Now that the British have voted to quit, look for Euro-skeptic political parties in other EU countries to start demanding that same right. That does not mean that the British and other Europeans are not interested in some of the benefits of EU membership. They are -- particularly when the benefits are tangible.
As I have written before in the Nikkei Asian Review, young Europeans are keen on the borderless travel that is possible across many of Europe's countries through a passport-free zone known as "Schengen."
Generally, Europeans, especially young people, want to be able to work in other countries on the continent. Consumers want access to goods flowing freely across borders with tariffs. Businesses and farmers want to move their goods across frontiers with minimal red tape.
What people do not want -- and what a majority of British voters have just made clear in their referendum -- is an all-powerful supranational bureaucracy controlling their immigration policies, overruling their national court systems, imposing rules on issues such as the proper way to store cheese, dictating that people with diabetes cannot drive, regulating how much bananas can be bent, and making it illegal to label bottled water as good for dehydration.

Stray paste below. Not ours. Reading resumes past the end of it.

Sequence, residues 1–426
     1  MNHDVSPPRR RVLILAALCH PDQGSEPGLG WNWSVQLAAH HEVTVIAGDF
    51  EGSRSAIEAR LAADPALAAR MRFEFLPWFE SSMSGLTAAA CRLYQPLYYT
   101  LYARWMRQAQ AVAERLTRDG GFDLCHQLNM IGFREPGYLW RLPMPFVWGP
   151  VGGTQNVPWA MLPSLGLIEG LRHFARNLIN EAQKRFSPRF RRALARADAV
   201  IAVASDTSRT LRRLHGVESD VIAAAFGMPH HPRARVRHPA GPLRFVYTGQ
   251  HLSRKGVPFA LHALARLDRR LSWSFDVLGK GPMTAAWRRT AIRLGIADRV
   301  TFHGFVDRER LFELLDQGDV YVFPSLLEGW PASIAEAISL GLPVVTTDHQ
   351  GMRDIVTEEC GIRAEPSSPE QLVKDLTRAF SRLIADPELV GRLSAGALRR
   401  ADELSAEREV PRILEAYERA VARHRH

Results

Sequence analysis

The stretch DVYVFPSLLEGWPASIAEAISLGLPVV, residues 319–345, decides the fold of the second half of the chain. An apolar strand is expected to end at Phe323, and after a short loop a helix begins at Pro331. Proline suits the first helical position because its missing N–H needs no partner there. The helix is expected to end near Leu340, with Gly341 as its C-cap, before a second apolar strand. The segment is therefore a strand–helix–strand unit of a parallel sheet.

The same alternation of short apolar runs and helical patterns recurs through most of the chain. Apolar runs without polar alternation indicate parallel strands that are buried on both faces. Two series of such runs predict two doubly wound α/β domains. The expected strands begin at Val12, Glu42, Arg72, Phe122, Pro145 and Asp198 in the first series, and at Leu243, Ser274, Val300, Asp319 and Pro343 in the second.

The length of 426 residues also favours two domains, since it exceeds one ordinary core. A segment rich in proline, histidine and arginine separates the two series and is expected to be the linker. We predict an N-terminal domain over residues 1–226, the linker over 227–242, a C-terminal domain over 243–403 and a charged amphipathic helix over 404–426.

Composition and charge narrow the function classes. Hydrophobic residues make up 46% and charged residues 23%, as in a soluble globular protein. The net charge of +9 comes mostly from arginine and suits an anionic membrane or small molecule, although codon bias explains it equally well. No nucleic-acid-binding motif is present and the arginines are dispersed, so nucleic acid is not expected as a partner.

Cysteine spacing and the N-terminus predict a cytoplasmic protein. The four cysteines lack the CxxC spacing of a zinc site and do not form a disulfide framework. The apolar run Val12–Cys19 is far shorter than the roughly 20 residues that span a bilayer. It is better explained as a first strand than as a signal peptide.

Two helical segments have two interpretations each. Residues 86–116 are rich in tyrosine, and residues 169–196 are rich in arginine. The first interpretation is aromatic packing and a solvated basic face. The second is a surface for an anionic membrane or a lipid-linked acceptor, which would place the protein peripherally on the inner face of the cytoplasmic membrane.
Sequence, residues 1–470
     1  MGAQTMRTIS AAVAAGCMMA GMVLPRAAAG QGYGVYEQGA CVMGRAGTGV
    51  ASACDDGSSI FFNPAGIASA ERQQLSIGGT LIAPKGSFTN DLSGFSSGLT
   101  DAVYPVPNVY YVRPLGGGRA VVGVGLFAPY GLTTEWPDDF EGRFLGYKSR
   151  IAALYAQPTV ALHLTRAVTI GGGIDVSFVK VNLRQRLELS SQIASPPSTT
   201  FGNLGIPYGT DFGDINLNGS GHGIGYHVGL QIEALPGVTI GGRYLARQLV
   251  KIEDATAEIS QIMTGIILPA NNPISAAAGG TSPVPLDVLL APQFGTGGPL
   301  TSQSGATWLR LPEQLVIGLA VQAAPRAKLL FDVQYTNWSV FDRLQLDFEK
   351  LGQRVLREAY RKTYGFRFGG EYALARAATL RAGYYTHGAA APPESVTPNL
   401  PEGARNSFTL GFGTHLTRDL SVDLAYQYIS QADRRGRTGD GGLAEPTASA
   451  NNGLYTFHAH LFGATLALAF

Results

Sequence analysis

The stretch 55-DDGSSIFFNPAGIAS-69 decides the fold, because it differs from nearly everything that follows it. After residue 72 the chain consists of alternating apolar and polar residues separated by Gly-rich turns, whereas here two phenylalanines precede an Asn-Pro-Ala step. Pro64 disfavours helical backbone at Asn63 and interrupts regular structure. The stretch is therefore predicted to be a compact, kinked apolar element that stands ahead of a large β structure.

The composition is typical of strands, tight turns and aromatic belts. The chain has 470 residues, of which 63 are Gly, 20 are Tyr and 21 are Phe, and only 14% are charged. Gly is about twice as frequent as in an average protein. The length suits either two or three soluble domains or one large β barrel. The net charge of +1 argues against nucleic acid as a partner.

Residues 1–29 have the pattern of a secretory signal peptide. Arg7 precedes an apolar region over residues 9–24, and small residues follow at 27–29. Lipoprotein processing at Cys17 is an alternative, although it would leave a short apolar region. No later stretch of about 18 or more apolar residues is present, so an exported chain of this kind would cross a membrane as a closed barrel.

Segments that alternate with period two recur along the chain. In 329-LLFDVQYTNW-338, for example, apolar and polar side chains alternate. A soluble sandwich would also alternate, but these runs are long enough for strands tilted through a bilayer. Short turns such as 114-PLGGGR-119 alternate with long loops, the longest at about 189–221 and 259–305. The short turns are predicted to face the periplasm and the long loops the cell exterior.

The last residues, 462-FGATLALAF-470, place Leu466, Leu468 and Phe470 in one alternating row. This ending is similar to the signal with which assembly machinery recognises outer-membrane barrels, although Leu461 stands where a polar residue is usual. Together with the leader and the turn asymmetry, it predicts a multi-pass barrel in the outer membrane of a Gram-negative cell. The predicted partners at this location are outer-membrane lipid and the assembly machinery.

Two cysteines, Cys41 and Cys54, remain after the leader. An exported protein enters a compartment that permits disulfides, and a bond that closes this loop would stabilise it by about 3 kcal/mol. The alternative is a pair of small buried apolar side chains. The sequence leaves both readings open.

People in general do not like government, and they chafe at silly or unneeded regulations. And when the government is seen as a faceless entity in Brussels, the hostility only grows stronger.
Southeast Asians may have it right -- going slowly, building an economic market first, and concentrating on the areas in which people -- especially young people -- want more opportunities, such as in education and employment.
The EU was seen by many, including myself, as a model of regional integration that ASEAN could follow. The Brexit vote turns that notion on its head. No country, no significant political constituency anywhere in Asia, is clamoring to leave ASEAN, because ASEAN -- weak and feckless as it sometimes seems -- is seen as offering people mainly benefits with no real drawbacks.
It seems that Europe can take a lesson from Southeast Asia
Keith B. Richburg is an author and former foreign editor of The Washington Post.